The Trade Marks Act of 2001 provides for local registrations with effect from the date of application. Trade and service marks can be registered under the Nice Classification system. International priority is available. Registration based on a UK registration is no longer possible.
Current UK-based registrations and local registrations continue for their unexpired terms, while new registrations are for a term of 10 years, with renewals for like periods of 10 years.
No local use or intent to use is necessary prior to application but failure to use a mark within a period of three years will subject the mark to an action for cancellation, provided no such action is brought within five years from the date of registration.
HISTORYAn island country in the West Indies, St. Lucia is part of the Lesser Antilles. The Arawaks, conquered by the Caribs in 800 AD, were the first tribe to settle the island. Colonization attempts occurred from the Spanish and the British but were unsuccessful. In 1746 the French created the first settlement that lasted on the island known as Soufriere. Eventually, in 1778, the British invaded St. Lucia. The invasion forced the French to cede the island to the British in 1814 in accordance to the Treaty of Paris. St. Lucia gained its independence on February 22, 1979 as a member of the Commonwealth. The capital is Castries and the official language is English.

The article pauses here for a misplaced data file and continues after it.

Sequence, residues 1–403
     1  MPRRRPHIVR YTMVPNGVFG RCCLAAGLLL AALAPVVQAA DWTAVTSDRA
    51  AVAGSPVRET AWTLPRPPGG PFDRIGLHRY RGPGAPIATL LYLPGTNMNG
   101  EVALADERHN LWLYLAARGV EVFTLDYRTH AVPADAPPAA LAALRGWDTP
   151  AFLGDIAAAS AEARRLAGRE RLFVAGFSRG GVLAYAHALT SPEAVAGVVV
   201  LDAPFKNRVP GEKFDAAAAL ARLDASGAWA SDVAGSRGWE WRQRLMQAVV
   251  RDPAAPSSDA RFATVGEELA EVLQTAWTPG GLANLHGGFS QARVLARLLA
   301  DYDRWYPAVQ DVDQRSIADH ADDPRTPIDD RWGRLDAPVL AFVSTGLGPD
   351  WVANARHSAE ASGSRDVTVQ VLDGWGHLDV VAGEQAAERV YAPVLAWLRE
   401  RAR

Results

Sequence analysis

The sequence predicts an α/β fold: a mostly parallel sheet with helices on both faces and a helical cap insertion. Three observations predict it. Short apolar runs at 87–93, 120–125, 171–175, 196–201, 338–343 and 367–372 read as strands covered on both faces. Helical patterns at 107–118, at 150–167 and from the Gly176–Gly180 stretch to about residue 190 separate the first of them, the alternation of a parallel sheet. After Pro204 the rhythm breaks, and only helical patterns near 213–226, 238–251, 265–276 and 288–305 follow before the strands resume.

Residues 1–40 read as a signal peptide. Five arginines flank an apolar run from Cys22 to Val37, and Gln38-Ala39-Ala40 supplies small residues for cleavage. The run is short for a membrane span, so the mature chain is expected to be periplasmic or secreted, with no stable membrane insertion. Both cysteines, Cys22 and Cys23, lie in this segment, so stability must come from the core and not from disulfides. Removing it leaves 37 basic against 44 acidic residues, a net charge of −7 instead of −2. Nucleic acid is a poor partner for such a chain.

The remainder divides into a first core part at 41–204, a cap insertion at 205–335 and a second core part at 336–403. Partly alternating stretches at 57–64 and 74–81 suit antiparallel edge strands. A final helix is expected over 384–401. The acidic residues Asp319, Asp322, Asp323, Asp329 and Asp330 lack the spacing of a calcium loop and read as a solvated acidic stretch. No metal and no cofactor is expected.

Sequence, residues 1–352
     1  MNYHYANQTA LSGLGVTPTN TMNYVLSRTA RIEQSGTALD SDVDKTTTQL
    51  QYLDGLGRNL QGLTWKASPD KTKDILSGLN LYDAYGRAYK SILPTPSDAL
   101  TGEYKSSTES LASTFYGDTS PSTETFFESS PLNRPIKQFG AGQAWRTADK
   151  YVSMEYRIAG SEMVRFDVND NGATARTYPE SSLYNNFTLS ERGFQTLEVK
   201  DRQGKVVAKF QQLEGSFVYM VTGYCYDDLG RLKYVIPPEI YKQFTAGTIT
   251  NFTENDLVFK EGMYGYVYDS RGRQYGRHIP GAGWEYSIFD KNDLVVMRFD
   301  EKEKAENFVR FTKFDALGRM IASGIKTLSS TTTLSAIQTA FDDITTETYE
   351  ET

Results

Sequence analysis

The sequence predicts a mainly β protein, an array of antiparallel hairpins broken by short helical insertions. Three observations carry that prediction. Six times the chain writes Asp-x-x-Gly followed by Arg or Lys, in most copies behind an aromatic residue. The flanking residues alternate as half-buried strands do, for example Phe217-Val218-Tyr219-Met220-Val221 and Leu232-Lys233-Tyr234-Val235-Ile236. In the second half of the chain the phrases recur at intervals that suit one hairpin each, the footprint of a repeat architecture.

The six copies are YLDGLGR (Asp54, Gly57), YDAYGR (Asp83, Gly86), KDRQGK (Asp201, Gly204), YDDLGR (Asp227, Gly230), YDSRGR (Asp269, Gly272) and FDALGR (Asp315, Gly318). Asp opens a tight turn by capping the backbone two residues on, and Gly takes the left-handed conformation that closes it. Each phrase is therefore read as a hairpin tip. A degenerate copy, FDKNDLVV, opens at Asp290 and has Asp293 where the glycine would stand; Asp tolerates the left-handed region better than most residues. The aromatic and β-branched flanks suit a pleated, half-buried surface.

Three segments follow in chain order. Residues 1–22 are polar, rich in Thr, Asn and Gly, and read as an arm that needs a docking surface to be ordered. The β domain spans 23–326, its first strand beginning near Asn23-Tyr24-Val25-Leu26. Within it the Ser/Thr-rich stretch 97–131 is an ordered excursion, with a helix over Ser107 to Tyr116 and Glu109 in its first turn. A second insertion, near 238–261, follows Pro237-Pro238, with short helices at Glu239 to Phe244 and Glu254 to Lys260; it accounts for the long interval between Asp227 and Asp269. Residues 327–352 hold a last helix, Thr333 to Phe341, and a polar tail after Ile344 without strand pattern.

Although the economy mainly relies on tourism, banana production and exports have become a significant factor for St. Lucia’s economy. Recent infrastructure improvements including roads, port facilities, and communications have helped increase St. Lucia’s economic growth. St. Lucia has many local delicacies including delectable and indigenous fruits and is home to beautiful rainforests, waterfalls, and beaches. St. Lucia also has the Piton Mountains known as Petit Piton and Gros Piton, the twin volcanic peaks on the island that are over 2,400 feet high and attract hundreds of thousands of people to the island each year.